Memoir tells of strict Chinese parenting in US

“Battle Hymn of the Tiger Mother” (The Penguin Press, $25.95), by Amy Chua

Amy Chua is an American-born daughter of Chinese immigrants from the Philippines. She’s a professor of law at Yale, married to another law professor at Yale who comes from an Orthodox Jewish family. So it’s no surprise that her first two books dealt with minorities and governments.

Her third book, “Battle Hymn of the Tiger Mother,” is a chatty, witty, intimate memoir of how she raised two daughters in hyper-severe Chinese style, despite the surrounding children of permissive American parents.

Chua’s father, a leading theorist of advanced mathematics, gave her a model for perfectionism. In eighth grade, she placed second in a history contest. Someone else was named best all-around student. She invited her family to the ceremony.

“Afterward,” she writes, “my father said to me: ‘Never, never, disgrace me like that again.”’

She pursued that model. Though generous with family fun and affection, she denied her daughters, Sophia and Louisa (Lulu), experiences that are important to many young Americans: no TV, no pets, no computer games, no sleepovers, no play dates, no grades under A, no parts in school plays, no complaints about not having parts in school plays, no choice of extracurricular activities, nothing less than top places in any school class except gym and drama, no musical instruments except piano or violin.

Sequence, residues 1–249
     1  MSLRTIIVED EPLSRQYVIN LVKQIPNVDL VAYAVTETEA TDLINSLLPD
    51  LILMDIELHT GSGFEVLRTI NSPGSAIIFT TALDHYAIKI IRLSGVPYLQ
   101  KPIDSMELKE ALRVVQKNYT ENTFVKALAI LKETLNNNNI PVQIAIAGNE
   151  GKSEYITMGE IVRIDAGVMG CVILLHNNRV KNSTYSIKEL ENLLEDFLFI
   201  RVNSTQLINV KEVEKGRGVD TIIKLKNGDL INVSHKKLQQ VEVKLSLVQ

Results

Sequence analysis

Compulsory for the girls: speed drills in math, exclusive use of the family’s Chinese dialect at home, lessons in Mandarin Chinese, long hours of music practice closely coached by Chua, with double sessions on weekends and no break on vacations.

Music has been a primary concern — Bach, Mozart, Beethoven, Debussy, Dvorak. The program worked, in part. Sophia won a contest at 14 that brought her a piano recital at Carnegie Hall in New York City.

Lulu, at age 6, didn’t want to learn to play the violin. Chua bullied her with threats of a spanking and a missed dinner. Good teachers helped Lulu develop an affinity with the instrument and she became concert master of a youth orchestra.

Lulu’s rebellion climaxed on a vacation in Russia. At a cafe in the GUM, the big shopping mall on Moscow’s Red Square, she refused Chua’s command to just taste the caviar — and smashed a glass in defiance.

Chua fled, running. She had a fleeting thought the guards at Lenin’s tomb across the square would shoot her, but she returned to the cafe, announcing: “You win. It’s over. We’re giving up the violin.”

Back home, Lulu turned to tennis, but said she missed the orchestra. Her tiger mother, clandestinely, did some research. Occasionally, at breakfast or while saying goodnight, Chua would burst out with something like “more rotation on the swing volley!” Lulu would plug her ears.

There was much family discussion of how the book would end. Chua finally suggests a possible road toward reconciling Chinese and American attitudes toward education. Parents can judge how practical it may be.

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